No information regarding "security" matters in Algeria may be reported that has not been issued by the security forces or the official press agency. The French newspaper Liberation (23 April) reported that journalists trying to visit the village where 93 people were reportedly massacred on the night of 21/22 April were turned back, preventing any independent confirmation of the massacre. There are no foreign journalists in Algeria, and on the rare occasions that they obtain visas they must almost invariably be accompanied by a security forces escort. Thus no independent reports are reaching us from Algeria.
On 23 February Rachid Medjahed, arrested by the security forces, appeared on television and "confessed" to having planned and directed the killing of the prominent trade unionist Abdelhaq Benhamouda on 28 January 1997. Rachid Medjahed's father, who had not known of his son's arrest until he saw him on television, was shown his son's body in a hospital on 3 April. He was not allowed to take the body but was given a death certificate signed 3 March.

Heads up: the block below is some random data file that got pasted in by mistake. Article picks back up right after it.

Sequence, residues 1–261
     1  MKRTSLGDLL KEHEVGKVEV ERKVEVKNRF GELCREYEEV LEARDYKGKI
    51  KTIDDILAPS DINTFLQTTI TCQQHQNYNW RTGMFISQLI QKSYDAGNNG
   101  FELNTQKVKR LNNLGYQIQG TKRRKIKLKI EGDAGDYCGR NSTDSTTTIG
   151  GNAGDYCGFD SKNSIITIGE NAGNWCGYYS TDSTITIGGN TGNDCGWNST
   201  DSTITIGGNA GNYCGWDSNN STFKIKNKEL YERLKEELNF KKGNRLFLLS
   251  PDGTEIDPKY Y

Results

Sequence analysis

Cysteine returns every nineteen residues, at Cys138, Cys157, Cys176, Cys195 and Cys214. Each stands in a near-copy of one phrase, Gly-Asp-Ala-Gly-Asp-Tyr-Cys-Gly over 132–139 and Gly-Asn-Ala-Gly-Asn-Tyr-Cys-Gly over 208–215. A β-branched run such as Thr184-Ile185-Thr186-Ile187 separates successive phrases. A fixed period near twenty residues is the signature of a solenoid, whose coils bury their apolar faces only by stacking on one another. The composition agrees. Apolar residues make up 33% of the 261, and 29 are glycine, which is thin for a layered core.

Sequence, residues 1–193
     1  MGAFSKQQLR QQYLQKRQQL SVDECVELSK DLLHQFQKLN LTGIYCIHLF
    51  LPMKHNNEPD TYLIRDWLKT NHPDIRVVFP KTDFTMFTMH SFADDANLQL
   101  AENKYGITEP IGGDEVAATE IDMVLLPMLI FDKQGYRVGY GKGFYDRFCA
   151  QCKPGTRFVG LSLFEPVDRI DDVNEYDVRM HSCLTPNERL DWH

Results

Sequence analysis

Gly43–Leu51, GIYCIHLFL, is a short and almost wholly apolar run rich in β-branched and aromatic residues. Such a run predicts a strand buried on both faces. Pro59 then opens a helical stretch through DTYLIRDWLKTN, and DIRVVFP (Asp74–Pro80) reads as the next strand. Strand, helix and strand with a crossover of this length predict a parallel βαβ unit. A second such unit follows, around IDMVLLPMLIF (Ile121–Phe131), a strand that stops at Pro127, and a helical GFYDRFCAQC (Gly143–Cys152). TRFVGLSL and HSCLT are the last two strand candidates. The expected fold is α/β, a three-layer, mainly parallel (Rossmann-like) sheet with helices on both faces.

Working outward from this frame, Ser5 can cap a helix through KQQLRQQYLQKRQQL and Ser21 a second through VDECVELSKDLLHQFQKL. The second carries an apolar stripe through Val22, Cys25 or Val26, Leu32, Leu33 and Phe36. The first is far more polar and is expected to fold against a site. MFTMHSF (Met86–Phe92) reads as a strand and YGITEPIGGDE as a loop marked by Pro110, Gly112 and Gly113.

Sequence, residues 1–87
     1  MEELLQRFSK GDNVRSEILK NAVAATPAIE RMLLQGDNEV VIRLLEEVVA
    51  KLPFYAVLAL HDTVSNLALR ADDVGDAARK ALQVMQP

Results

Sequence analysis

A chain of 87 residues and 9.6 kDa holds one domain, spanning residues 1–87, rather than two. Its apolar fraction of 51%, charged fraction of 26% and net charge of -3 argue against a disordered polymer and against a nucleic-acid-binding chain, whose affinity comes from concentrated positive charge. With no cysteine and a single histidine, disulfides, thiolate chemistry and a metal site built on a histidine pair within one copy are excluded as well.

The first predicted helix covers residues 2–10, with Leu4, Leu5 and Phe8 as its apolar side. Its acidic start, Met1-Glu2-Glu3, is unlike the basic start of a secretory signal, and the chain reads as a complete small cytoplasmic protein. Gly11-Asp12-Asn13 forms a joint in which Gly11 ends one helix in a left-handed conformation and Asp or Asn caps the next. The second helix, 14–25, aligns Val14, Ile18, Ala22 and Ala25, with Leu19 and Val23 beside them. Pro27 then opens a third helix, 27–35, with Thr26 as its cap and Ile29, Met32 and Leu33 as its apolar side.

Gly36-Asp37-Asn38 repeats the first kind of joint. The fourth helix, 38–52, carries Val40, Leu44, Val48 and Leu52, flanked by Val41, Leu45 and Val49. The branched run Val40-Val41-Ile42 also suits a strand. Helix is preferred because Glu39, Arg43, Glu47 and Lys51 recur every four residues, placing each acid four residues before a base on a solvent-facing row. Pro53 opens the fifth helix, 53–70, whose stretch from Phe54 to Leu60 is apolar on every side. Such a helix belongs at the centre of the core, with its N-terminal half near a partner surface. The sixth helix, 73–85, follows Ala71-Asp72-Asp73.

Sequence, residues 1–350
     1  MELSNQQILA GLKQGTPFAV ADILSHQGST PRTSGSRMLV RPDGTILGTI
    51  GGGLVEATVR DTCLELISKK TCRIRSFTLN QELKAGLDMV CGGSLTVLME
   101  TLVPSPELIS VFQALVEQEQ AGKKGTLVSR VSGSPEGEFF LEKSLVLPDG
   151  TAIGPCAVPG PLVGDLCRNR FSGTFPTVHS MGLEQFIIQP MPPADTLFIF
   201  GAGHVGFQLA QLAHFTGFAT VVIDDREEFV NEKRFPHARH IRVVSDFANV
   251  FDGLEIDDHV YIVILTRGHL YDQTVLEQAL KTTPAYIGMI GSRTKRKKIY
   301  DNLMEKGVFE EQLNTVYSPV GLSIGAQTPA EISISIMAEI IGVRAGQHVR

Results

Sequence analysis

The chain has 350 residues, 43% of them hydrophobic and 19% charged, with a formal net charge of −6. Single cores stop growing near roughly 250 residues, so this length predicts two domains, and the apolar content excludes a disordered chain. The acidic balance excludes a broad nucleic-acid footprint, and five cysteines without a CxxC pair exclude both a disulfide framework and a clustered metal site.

On 8 April representatives of Human Rights Watch, who were visiting Algeria, were told by the Minister of Justice that Rachid Medjahed had been wounded but so far as the minister knew was well and receiving treatment.
Do the Algerian authorities know what is going on in their own country? Amnesty International is gravely concerned that Mr Medjahed was extrajudicially killed. The truth about the deaths of tens of thousands of other Algerians needs to be most urgently known. The dreadful atrocities carried out by armed groups cannot be an excuse for not permitting the truth of the situation in Algeria to reach the outside world.
Country Coordinator Algeria, Amnesty International UK
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